Ironically, it takes meeting with people face-to-face for me to understand the power of social media. At one of the last events that I attended in person, I said “hello” to a woman whom I hadn’t seen or corresponded within more than five years. I thought she might not remember me. Instead she responded to my greeting with “I love what you post on LinkedIn!” Wow, that gave me a jolt of positive energy. You may have similarly enthusiastic yet silent readers.

3 ways to discover whether people are reading

If you’d like to know for sure that somebody—anybody—is reading your updates, here are some techniques you can try.

1. Use your updates to pose questions

Ask a simple question in your social media updates to make it easy for people to engage with you. Simple doesn’t have to mean a yes/no question. It could be something like “What’s the first word that comes to mind when you think about saving for your children’s college education?”

2. Ask people if they’re reading.

You can use a poll on your blog, e-newsletter, or other location to ask your clients, colleagues, and other connections if they’re enjoying what you share on social media. You can also ask how you can improve.

3. Use tracking links.

Some of the links you share via social media can provide statistics that tell you how people have clicked on them. Check out bit.ly or the link shorteners in HootSuite or Buffer for more information. Also, LinkedIn has a built-in measurement tool that’s shown in the image above of “Who’s Viewed Your Updates.” You can click on the arrows in the upper right-hand corner of your box to see that statistics on other updates that you’ve posted.

3 reasons no one reads your status updates

If your statistics disappoint you, it may because you’re making one of the following common mistakes.

1. Your updates are all about you.

Your connections don’t want to read a steady flow of self-promotional updates. Focus on content that helps your target audience. You’ll earn their interest.

2. You don’t post often enough.

Most members of your potential readership don’t spend all day scouring the Internet for your updates. You must post regularly to catch them online. The ideal frequency varies by social media channel and individual preferences. For example, people expect more frequent status updates on Twitter than on LinkedIn. In an informal poll on LinkedIn, respondents suggested that posting up to four times a day—with breaks between your updates—is ideal.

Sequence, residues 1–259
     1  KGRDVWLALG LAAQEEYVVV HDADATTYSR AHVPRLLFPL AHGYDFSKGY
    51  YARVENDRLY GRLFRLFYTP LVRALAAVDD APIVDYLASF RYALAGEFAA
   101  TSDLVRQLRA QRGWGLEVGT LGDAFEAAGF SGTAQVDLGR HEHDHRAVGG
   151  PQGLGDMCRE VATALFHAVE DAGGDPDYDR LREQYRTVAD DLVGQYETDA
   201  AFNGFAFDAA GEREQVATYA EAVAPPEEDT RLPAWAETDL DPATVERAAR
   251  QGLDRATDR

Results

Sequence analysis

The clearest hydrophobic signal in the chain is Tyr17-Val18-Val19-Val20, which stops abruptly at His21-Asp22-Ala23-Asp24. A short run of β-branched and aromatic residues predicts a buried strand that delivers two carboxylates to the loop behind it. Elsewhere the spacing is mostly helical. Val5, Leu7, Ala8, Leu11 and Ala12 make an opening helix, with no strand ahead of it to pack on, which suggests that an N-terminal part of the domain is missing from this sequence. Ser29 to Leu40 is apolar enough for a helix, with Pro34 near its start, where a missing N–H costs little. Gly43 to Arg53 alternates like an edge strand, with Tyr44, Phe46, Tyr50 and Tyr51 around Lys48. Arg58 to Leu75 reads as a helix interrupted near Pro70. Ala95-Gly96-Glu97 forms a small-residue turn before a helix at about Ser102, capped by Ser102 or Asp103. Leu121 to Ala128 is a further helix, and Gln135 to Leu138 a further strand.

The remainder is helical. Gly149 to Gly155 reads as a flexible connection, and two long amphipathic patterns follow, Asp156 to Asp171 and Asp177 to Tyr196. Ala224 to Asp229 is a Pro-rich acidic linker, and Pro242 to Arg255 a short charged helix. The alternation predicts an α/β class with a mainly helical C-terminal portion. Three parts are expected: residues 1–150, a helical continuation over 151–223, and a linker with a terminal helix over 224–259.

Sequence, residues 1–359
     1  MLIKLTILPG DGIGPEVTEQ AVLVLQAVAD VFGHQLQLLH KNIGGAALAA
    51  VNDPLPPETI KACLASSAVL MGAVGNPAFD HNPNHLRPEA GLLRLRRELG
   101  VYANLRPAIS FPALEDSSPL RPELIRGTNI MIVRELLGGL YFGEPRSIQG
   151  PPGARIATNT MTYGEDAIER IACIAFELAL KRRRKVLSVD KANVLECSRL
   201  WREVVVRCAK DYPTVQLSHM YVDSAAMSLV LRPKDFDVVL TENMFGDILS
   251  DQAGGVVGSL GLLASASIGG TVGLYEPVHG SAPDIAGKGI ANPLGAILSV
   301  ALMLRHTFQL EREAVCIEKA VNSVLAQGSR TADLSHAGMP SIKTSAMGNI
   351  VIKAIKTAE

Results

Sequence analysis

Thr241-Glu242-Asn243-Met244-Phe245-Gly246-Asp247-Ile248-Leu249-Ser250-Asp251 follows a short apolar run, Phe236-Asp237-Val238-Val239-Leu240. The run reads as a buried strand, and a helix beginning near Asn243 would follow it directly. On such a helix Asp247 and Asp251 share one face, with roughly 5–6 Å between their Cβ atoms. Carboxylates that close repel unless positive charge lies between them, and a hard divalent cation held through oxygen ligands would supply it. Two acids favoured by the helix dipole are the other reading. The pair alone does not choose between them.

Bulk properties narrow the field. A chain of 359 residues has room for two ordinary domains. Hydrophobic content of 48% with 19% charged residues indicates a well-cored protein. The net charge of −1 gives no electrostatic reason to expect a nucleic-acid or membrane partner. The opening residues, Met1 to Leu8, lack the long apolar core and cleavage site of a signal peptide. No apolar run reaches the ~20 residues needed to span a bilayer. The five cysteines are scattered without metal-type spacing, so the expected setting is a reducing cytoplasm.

3. Your status updates are poorly written.

Have you seen status updates that consist solely of a website address? That’s an extreme example of an unappealing status update. Another example is simply posting “July newsletter” plus a link. When you share links, it’s for better to offer an enticement, such as “3 tips to save on taxes.”

What’s YOUR experience?

What kind of feedback do you get on your social media updates? What’s working for you? I enjoy learning from you.

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Copyright 2014 by Susan B. Weiner All rights reserved

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Key Steps in Writing a Research Report

Thursday, Jun. 19th 2014

Securities analysts want to write better. I know this from conversations and the fact that “Writing resources for equity research analysts” is one of my most popular blog posts. I’m delighted to share tips for writing securities research reports from Tom Brakke, author of Letters to a Young Analyst. Many of Tom’s suggestions apply to other forms of writing. For example, “Don’t try to tell them everything you know.”

Key Steps in Writing a Research Report
By Tom Brakke, CFA

Tom Brakke, CFA“How do I write a good research report?”

There are many kinds of answers to that question, starting with this one: Good writers produce good research reports. The basics matter: a strong narrative structure, clear sentences, and compelling content can make a research report better, just as is the case with other forms of writing.

Taking a wider view, I think the responsibilities of investment professionals can be viewed as a combination of analysis plus communication. Throughout my years in the industry, I have observed that far too little attention is paid to the second half of that formula.

Therefore, the need for effective communications is a persistent theme in my book, Letters to a Young Analyst (which includes advice and commentary from me and a number of veteran investors, plus an extensive collection of resources). Most professionals – and most organizations – underestimate the power that comes from the proper delivery of an idea; they think that a good idea will naturally thrive on its own merits.

To stand out, you should care about and focus on the quality of your communications, whether they are verbal or written (and whether they are brief or encyclopedic). That pays dividends over time.

Of course, you have to work within the norms and templates of your organization. That can constrain your ability to communicate as well as you otherwise could. For example, look at the range of reports from sell-side firms. They are remarkably alike one to another and a great many are fill-in-the-blank exercises rather than sound communications tools.